Survivors: The Complete Series 2 [DVD]
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The complete second series of Terry Nation's acclaimed BBC science fiction drama in which 95% of the population have been wiped out by a freak plague, leaving the remaining survivors to rebuild civilisation. The episodes featured are: 'Birth of Hope', 'Greater Love', 'Lights of London (Parts 1 and 2)', 'The Face of the Tiger', 'The Witch', 'A Friend in Need', 'By Bread Alone', 'The Chosen', 'Parasites', 'New Arrivals', 'Over the Hills' and 'New World'.
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Top Customer Reviews
I first watched Survivors in the 1970s as a young man in my twenties and found it riveting. I have never forgotten being absolutely enthralled by the concepts it portrayed. Almost thirty years later, I was delighted to find it available on DVD. I am still fascinated and watched the whole 12 episodes of series two almost back-to-back (ditto series one). Great drama, arguably with slightly wooden production compared with modern television drama (but great acting). Ground-breaking in it's day and highly recommended. If you saw the film "28 Days Later", the initial theme is similar but Survivors makes much more credible viewing despite the lack of hi-tech effects. Buy it or rent it, you'll love it.
The "Death" has claimed over 99.9% of the population and those that are left must now struggle and fight to continue, gone are the mass producing factories, gone is the centralising Governments. Now just a collection of small communes to re learn all that the past generations have forgotten about living of the land, life with out dentists, hospitals and state run schools.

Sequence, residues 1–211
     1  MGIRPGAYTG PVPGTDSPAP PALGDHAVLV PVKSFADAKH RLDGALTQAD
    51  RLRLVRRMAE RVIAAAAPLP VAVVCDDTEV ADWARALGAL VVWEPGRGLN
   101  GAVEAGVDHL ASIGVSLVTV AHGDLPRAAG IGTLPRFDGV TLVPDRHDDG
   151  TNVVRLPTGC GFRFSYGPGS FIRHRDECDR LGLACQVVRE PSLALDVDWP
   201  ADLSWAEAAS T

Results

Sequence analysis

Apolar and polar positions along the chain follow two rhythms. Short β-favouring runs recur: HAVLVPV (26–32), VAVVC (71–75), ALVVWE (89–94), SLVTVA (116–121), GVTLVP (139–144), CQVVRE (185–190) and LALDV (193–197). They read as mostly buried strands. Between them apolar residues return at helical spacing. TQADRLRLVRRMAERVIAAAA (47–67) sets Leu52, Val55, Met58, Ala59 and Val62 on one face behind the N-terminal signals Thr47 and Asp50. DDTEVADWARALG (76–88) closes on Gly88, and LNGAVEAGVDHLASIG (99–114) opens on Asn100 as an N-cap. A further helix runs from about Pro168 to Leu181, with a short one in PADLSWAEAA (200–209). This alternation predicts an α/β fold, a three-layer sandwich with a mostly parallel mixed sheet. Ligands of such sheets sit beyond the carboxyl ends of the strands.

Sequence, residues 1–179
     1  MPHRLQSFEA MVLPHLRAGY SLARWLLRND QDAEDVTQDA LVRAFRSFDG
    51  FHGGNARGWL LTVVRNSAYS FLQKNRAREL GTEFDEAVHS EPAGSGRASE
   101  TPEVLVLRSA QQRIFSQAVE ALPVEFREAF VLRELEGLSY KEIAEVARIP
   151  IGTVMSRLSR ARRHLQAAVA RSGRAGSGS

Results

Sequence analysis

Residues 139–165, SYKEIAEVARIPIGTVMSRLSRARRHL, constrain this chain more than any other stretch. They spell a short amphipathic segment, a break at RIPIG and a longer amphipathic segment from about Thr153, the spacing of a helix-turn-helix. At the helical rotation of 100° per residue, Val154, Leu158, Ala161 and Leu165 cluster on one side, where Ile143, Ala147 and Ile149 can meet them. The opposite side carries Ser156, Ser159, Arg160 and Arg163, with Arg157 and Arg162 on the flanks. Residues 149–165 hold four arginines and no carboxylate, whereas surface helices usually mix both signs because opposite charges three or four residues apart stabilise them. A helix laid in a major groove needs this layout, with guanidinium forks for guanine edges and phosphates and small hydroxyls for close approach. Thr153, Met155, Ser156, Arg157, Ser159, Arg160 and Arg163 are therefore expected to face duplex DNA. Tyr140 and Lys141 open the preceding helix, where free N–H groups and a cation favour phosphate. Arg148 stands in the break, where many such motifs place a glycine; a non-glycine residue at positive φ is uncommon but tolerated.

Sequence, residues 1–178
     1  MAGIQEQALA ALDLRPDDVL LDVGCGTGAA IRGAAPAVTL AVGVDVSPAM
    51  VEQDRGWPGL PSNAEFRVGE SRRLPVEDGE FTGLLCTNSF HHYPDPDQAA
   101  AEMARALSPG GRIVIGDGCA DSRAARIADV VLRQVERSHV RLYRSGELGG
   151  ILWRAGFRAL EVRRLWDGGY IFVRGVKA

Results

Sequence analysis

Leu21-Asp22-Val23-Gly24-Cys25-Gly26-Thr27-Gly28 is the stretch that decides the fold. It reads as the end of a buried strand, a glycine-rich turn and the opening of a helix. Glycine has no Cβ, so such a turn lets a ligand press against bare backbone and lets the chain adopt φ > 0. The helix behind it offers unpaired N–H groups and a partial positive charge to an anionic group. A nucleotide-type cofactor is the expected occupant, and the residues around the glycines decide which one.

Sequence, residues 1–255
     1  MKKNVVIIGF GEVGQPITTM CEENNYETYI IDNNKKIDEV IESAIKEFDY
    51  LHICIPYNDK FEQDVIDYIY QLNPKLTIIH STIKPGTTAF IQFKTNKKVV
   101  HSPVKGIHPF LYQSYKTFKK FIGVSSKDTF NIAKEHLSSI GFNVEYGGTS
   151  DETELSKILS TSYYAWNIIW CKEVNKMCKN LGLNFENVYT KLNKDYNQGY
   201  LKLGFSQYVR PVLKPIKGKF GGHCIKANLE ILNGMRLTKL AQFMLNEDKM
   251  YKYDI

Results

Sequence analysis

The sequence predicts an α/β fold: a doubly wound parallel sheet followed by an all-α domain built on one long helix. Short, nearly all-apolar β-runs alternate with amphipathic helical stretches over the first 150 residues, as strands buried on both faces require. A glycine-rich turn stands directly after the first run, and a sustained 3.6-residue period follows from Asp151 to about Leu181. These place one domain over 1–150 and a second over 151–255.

The Second Series survives major culls, both of characters and locations , but excellent scripts, excellent Direction and outstanding acting carry on where they left off. These programmes were made in the days when the BBC made the best quality television in the world, their drama really was second to none.
This is further highlighted by each individual episode, which cover such topics as rising fascist states, a person's willingness to risk their life for their friends. Changing values (the way a society so ravaged may have to move on from traditional views of love, marriage and the family home and just produce children - the next generation) and ultimately the need for co-operation and cohesion in order to rebuild a brave new world.
If you enjoyed the first series then this is an absolute must, roll on series three.
This may work as a jumping on point if you haven't seen season one, but the main characters are already quite established by now, and there's only occasional exposition as to what has gone before, so you are better off starting with that.
All episodes run for fifty minutes. There is direct scene access on each episode.
But the dvd's have no subtitles at all. And the only language option is English.
The season starts with a bit of a shake up. Abby Grant, main character of season one, is no longer around. Off on a quest to find her son. Which she was out to do for most of season one. This absence came about due to the actress and the producer not always seeing eye to eye.